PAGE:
Drought continues

Check this link for current conditions, but I warn you that it's probably the same as the above picture.

It seems like we ought to have had more rain at this point in the winter, but checking the long range forecast through the end of the month it looks like no rain is in sight.  My backyard rainfall from our one early storm in the second week of October is 1.45 inches so it looks like we're looking through the end of November with only that one rain on the books.  Perhaps surprisingly, even if we get no more rain for the remainder of this month, this winter's rainfall is still ahead of the 1" median cumulative historic (1944 to 2005) rainfall for nearby Los Angeles. Still, November has been unusually dry: 75% of the time we get more than 3/4" in November, so perhaps that's why it feels like a dry winter.

To the best of my knowledge, early season rainfall is not a predictor of late season rainfall, so the game is still on with Mother Nature.  Will we get an abundance of rain that gives us some breathing room to further reduce our water requirements or will we go into a fourth year of drought?  Only time will tell, but NOAA predicts that there will be a seasonal easing of drought conditions (through Feb 2010) by at least one stage of drought.  This doesn't appear to be a long range forecast for green pastures - only a safe bet that we will get some rainfall between now and then.  After that, it's probably back to the usual drought.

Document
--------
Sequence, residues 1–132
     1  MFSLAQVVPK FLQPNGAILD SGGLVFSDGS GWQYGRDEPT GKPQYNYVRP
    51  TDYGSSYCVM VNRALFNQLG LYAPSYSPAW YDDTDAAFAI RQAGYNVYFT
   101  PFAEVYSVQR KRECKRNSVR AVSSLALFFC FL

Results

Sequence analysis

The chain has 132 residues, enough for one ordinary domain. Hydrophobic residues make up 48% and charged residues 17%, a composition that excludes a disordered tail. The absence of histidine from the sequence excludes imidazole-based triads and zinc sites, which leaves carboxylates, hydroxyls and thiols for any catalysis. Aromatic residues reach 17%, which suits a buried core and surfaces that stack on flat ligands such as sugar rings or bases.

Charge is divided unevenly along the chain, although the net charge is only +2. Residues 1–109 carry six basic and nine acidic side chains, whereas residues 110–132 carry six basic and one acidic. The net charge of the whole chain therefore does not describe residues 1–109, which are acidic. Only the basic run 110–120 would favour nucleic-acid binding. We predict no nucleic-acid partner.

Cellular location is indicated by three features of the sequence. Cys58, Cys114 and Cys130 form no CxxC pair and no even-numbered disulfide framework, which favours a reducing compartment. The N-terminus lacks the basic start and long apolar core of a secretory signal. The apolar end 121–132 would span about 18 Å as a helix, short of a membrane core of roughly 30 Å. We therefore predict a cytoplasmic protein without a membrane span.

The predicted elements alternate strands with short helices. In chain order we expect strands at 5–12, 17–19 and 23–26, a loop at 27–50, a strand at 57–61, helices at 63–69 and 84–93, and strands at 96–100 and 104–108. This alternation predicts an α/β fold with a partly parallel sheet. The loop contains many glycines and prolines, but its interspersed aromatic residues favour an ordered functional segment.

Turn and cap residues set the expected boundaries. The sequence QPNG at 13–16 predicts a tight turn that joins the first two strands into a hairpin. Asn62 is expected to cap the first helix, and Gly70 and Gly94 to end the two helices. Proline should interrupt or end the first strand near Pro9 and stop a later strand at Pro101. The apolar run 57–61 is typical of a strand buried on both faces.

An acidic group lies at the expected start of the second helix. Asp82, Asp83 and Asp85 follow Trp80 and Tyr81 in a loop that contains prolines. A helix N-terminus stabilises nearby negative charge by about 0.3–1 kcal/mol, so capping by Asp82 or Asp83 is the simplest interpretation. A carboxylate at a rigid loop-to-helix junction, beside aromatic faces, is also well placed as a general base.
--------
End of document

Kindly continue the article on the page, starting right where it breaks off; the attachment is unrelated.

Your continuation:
1. So I've been worried about the same thing. But reading Ken Clark's blog here http://www.accuweather.com/mt-news-blogs.asp?partner=accuweather&blog=Clark&pgurl=/mtweb/content/Clark/archives/2009/11/room_for_concern_about_el_nino.asp made me feel hopeful. He explains that Novembers are often pretty dry in high-rainfall winters. Only time will tell.

  2. I took a look at the issue of early season vs. late season rainfall in 2007.

    I didn't segregate years based on el nino conditions and it appears that I didn't look beyond September as the end of "early". With those caveats I found low correlation.

  3. With a trace of rain since July and not much over 3 inches since January I'm starting to wonder if it's ever going to rain again down here in San Diego. Still, I planted a few things over the weekend, so I guess I'm at a little bit optimistic that the pattern will break before too long.

  4. Interesting to have the weather low-down. I'm encouraged by Brad B's comment, here in Nor Cal we have gotten only a couple of rains so far.

  5. El Nino is a better predictor of spring (Feb-May) rainfall. Our winter storms come from the northwest. Our spring storms come from the west & southwest--from the warm water.

    If the El Nino strengthens, and the jet stream turns southerly, then the drought will be over. But parts of LA will be buried in mud.